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  S351 Typography


Syllabus for a Typography course (S351) taught at Indiana University Southeast, New Albany, Indiana, USA for the fall semester from Jan - May 2016.


Download: S351 Typography syllabus.pdf



Project 1: Which 'type' is the nature of your business?


Part of the training in this course requires the students to become decision makers. They can freely choose three out of five types of professions listed below and create a typographically-driven business card that best represent these professions:
- Car salesperson
- Dentist
- Marine biologist
- Graphic designer/Web designer
- Chef

Once you have made the selections, decide the size, orientation (horizontal vs vertical), and whether a one-sided or two-sided card would best fit the nature of the chosen businesses. The standard dimensions for a printed business card measures 2” x 3.5.” If your design includes a “bleed,” include an extra 1/8 inch of space for design elements or backgrounds that extend beyond the edges of their card.

Their cards must show business information about a company or an individual (factual or fictional). They may use their own name and apply it to all three cards but their card must typically include a name, an affiliation (title), the company’s name, and contact information such as street addresses, telephone number(s), email addresses, website and other relevant social media addresses such as Facebook, LinkedIn or Twitter. Colors are powerful communication tools that can be used to cause psychological reactions and they are to be used judiciously in their business cards.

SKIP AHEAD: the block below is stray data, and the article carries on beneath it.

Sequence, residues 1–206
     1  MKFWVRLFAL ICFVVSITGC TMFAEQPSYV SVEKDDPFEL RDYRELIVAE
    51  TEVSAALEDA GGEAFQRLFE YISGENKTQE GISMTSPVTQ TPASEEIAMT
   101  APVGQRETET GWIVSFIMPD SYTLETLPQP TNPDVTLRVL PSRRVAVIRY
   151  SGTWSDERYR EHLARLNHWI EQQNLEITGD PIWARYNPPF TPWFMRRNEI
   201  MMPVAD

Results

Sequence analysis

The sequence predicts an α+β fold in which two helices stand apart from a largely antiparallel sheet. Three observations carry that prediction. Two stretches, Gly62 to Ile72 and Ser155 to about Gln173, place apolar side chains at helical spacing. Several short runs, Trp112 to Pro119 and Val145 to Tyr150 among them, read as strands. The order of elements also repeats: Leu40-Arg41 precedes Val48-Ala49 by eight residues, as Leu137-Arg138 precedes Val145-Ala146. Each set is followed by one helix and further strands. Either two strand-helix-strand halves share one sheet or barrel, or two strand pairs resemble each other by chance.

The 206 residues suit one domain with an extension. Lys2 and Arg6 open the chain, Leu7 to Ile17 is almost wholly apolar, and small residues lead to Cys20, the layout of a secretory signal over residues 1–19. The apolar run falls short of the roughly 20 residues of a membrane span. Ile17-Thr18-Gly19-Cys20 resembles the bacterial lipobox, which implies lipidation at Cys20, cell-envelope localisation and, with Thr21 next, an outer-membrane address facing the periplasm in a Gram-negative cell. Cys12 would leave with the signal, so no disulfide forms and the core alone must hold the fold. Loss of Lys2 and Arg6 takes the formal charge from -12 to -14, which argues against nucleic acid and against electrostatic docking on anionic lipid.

The deliverables are the documentation of every step of your design process and the mockup for three business cards in their final forms.

Objectives:
Develop a basic proficiency in identifying and classifying type;
Identifying the main features in a typeface and to use type categories and characteristics to select typefaces and structure text on a surface;
Create type-driven compositions that represent themes typographically;
Select and manipulate type to depict a concept or mood;
Develop an understanding of the applications of display typography and expressive applications of typography in a printed medium; and
Experiment with format, orientation, colors and other applicable visual elements to enhance the type-driven compositions.






Project 2: May we 'type' your order?


Professionally well-designed menus are hard to come by. With many take-out menus notoriously known for grammatical and typographic mistakes, the student's task is to create a professional menu based on the beauty of the written words in which the names of the dishes are mesmerizingly described with words. The design of their menu is mainly a typographically-driven design and images are to be kept minimally or almost non-existent. As it is pointless to redesign a well-designed menu, search for a local restaurant (in New Albany or Louisville, KY) with take-out menus that you can redesign. They may choose from the following types of cuisines:
- Chinese
- Other Asian (Thai, Vietnamese, Japanese, etc.)
- European/Western (pizza, sandwiches,
- Latin American
- Vegetarian/Organic/Kosher-style/Halal

As it is mostly a type-driven design, experiment with different typestyles, character weight, character width, and the various type family which can all combine to add richness to their menu. The size of their menu can be as large as 11” x 17” with minimum one or more folds to add visual interest as well as creating different sections for the cuisine of your choice.